We and our Virginia fishermen are awaiting the mad rush of big jumbo migratory rockfish to come charging out of the ocean and up the Bay towards their “home rivers” to spawn. At this point they haven’t shown up. One of my fishermen said to me yesterday after a disappointing morning tending his nets, “I don’t know where these big fish are. I think if we catch’em they’re gonna have to come out of the sky, cause they ain’t gonna come out of the water”.
Let’s hope the 77-year-old Mr. Doug Jenkins of Warsaw, Virginia is wrong about that. The latest I can recall these fish ever “hit” was March 9th
about 4 years ago after a very cold winter. Maryland just finished filling their gill-net quota for February last week. They are closed commercially until June 1 when pound-net season starts. We will rely solely on Virginia caught rockfish this month with a few Delaware rock by the end of March. Prices should collapse soon. March is typically the least expensive rock prices of the year. ATLANTIC SALMON
In 2012, Chilean salmon producers re-entered the market and pushed salmon prices way down. In some cases, prices were pushed below their operating costs and many farms are in bad financial shape right now. Fast forward 6 months and it would be safe to say the Atlantic salmon market is on fire. There are severe shortages of product and prices have risen over 30% on whole fish since the first of the year. Some but not all of the price hikes are due to demand from Lent. But the reality is the salmon farms just don’t have that many fish in the water of harvestable size, and they are in no hurry to pull them out. We will be selling whole fish in the mid $4’s (depending on the size) for the first time in a while and fillets will be right at the $7 mark. Hopefully relief will come before summer. LOCAL SUMMER FLOUNDER - FLUKE
Fluke are one of the few bright spots, from a price perspective, on the fresh fish scene right now. Virginia trawl season on flounder opens Monday (3/4) for about ONE MILLION lbs. The trip limits are 12,500 lbs., meaning that each boat can catch 6 TONS of fluke and then must return to the dock to unload. The captain must wait two weeks before he is allowed to fish again (2 trips per month). One of our main suppliers of fluke is “Red” at Chincoteague Fisheries. He just told me he has 17 boats that are going to unload this week alone. If you multiply 17 boats times 6 ½ ton per boat, it is not hard to figure he is going to be buried in fish. Virginia trawl season should allow for a steady supply of fresh local flounder for at least the next eight weeks. Last year the season closed April 30th
. Take advantage of this great local fish now, as fluke during the summer are scarce and expensive. BLACK SEA BASS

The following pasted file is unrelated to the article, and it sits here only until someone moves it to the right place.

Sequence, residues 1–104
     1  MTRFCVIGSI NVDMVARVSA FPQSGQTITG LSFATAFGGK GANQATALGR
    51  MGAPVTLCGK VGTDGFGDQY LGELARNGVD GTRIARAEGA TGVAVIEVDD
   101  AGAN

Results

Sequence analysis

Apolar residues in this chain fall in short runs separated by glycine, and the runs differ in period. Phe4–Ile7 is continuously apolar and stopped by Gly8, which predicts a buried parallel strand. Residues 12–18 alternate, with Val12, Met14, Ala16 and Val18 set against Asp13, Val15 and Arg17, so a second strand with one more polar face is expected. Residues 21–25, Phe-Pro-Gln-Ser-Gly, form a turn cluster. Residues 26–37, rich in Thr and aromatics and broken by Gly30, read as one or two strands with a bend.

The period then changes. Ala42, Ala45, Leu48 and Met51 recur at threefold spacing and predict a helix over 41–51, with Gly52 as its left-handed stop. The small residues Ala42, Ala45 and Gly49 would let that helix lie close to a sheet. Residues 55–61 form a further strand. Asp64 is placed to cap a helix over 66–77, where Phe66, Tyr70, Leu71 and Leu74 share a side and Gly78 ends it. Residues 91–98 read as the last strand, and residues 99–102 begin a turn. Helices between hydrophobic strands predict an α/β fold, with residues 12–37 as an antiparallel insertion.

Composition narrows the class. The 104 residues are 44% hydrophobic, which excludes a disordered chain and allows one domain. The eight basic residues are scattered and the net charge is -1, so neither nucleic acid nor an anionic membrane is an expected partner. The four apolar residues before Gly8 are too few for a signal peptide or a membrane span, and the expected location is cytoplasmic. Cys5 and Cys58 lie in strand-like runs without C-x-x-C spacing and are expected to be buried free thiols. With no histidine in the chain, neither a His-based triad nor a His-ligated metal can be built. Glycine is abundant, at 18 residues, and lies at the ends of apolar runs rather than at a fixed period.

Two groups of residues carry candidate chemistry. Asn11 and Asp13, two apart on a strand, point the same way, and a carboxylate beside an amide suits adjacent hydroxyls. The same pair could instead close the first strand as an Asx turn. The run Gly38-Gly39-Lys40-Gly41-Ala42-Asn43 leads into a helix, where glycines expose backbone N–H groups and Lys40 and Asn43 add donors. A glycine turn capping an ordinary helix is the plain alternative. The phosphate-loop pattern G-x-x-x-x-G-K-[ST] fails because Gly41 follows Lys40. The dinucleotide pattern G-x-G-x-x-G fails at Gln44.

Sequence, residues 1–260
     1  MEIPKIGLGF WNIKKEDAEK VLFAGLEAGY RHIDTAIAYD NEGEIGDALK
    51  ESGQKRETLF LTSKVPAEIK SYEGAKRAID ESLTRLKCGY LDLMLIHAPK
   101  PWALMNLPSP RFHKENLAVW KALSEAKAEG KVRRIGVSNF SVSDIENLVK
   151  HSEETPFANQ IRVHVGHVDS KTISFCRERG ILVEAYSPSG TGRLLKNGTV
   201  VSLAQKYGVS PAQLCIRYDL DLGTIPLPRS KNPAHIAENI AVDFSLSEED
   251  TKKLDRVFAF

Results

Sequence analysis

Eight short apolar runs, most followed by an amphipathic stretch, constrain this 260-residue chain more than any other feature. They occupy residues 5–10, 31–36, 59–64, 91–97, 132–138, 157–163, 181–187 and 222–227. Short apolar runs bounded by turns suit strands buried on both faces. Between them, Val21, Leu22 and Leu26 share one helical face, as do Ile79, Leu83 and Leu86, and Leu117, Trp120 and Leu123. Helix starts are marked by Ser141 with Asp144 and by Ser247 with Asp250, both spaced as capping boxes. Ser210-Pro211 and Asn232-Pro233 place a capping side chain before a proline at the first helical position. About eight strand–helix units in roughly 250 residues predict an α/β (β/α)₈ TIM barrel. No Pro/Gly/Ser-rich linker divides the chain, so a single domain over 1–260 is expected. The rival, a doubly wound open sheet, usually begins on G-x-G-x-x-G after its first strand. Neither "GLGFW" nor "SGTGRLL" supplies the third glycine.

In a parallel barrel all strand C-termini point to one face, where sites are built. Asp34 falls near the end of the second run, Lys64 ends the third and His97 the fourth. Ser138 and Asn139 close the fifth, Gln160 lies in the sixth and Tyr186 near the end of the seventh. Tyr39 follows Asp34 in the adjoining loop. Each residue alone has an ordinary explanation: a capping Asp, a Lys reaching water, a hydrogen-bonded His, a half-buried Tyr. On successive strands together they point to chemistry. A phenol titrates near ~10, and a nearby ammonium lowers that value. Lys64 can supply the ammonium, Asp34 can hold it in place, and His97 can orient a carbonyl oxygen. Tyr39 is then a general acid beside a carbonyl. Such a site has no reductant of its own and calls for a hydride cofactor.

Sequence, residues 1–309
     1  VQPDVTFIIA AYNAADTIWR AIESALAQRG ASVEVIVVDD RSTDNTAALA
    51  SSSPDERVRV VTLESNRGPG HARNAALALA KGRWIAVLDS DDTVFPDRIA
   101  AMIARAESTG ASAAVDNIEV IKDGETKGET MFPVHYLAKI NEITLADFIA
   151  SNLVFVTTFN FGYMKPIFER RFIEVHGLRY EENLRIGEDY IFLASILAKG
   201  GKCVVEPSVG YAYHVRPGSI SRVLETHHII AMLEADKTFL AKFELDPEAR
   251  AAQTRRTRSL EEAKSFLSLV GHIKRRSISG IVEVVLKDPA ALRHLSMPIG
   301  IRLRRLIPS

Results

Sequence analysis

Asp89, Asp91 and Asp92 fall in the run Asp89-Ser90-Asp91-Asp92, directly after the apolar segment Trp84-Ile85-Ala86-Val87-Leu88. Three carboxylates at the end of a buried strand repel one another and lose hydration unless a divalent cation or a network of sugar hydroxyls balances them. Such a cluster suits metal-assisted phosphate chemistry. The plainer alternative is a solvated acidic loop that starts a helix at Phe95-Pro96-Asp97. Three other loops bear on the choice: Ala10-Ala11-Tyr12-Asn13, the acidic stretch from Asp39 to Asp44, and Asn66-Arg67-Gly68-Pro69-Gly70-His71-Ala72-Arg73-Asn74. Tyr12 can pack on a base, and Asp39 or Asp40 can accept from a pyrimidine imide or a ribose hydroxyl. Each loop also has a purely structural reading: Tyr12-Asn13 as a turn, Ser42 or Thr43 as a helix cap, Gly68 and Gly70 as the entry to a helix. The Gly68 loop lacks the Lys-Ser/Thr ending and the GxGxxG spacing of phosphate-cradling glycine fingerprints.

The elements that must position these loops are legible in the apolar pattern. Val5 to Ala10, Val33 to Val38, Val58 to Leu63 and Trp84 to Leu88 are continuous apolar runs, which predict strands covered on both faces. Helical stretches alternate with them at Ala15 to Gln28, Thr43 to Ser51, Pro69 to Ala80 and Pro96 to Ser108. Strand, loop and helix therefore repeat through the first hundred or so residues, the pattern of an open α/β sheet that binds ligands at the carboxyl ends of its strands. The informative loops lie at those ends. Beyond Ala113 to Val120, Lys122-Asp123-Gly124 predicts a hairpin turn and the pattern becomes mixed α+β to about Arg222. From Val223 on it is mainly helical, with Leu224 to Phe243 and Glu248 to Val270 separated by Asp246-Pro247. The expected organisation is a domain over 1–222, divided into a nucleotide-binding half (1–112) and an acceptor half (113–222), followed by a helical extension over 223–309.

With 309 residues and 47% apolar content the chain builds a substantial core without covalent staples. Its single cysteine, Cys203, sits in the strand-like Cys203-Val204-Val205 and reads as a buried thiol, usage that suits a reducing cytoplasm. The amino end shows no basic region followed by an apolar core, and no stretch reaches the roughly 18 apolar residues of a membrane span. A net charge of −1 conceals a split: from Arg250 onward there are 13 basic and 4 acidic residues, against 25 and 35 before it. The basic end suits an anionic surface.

Some of the trawl boats (the ones with bass permits) are allowed a 10% “bycatch” of black sea bass. Most of these will be large and jumbo black sea bass. Prices have been high, but if enough boats land at the same time, the market will drop quickly. Stay in touch with your sales rep as you won’t want to miss an opportunity to serve this very tasty fish. LIVE LOBSTER
Like the Atlantic salmon market, the live lobster market is rocketing towards double figures. The culprit is primarily Mother Nature. Besides the frequent storms and high winds that prevent any fishing pressure, the extreme cold slows the lobster’s metabolism to the point where they hardly move. If they don’t move, they don’t get caught. Therefore, the only source for live lobster becomes the pounds. And the owners of pounds use any excuse to raise the price. Chix and quarters were almost $9 last week with deuces pushing $11. Unfortunately relief will only come when spring arrives up there in mid to late April. AMERICAN SHAD
Currently we are receiving American shad (Alosa sapidissima) from the Neuse River in North Carolina. Our founding father, George Washington actually fished for American shad on the Potomac River and the word “sapidissima” means “most delicious”. The shad swim from the ocean through either Hatteras inlet or Oregon inlet, through the Pamlico Sound and then up the Neuse River. They spawn in freshwater. Other rivers we receive American shad (also known as white shad) from are the Waccamaw River, Savanah River, and Delaware River (later this spring). Jump on this local delicacy now, as the shad are pretty much gone by early April. FRESH CRABMEAT
Procuring fresh domestic crabmeat has been a tall order lately. Old Man Winter has the crabs still sleeping throughout the eastern seaboard in much of the Gulf. Availability should get progressively better each week this month with the warmer weather. By early April we could see some Maryland production. Venezuela is cranking out moderate amounts of meat. When domestic production eventually increases later, we should get some price relief. Pasteurized prices continue to fall and will represent a value, as compared to fresh, soon.